Employment-related securities and options: warrants
Warrants, and other instruments entitling their holders to subscribe for securities (whether or not in existence or identifiable) are included in the definition of securities (see ITEPA03/S420 (1)(c)). Their use is not limited to employee remuneration arrangements and they may be held by ordinary investors and traded on stock exchanges.
However, whilst warrants and similar instruments are securities, they are also rights to acquire securities and so qualify as securities options. So ITEPA03/S420 (5)(e) takes warrants that are straightforward options to acquire securities back out of the meaning of securities for the purposes of the Part 7 rules - unless they were acquired (or, if acquired earlier, used) as part of an avoidance scheme on or after 2 December 2004 - see ERSM20200.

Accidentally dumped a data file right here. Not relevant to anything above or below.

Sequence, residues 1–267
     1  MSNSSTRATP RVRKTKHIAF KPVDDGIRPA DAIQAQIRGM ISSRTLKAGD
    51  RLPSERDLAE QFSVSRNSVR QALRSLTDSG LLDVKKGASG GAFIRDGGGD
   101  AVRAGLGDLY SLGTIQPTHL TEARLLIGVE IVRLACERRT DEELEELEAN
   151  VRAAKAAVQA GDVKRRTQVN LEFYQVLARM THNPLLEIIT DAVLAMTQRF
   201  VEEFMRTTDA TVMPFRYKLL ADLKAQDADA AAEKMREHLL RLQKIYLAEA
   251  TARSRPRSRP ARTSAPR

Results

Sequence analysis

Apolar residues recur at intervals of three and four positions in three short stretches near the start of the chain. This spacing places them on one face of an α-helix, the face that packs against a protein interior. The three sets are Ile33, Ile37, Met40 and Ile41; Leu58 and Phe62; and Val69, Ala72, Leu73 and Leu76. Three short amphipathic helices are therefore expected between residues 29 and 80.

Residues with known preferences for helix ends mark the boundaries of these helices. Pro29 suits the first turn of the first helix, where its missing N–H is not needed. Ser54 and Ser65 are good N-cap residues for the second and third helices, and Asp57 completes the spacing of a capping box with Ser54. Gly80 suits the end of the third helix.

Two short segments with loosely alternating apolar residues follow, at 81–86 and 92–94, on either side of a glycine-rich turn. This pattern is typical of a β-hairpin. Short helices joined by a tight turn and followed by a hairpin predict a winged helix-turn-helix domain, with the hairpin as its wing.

Warrants that are not simply rights to acquire securities, but carry additional rights, such as voting or dividend rights, remain within the definition of securities, and are not taken out of it by ITEPA03/S420 (5)(e).
On the facts of a particular case, it may be that a warrant is a security in respect of such additional rights and also contains a securities option, which can be regarded separately. In such a case the value of the option may be isolated and subject to the exemption on acquisition which applies to securities options (see ERSM110000).
You should seek advice from ESSU if the tax treatment of a warrant is in question.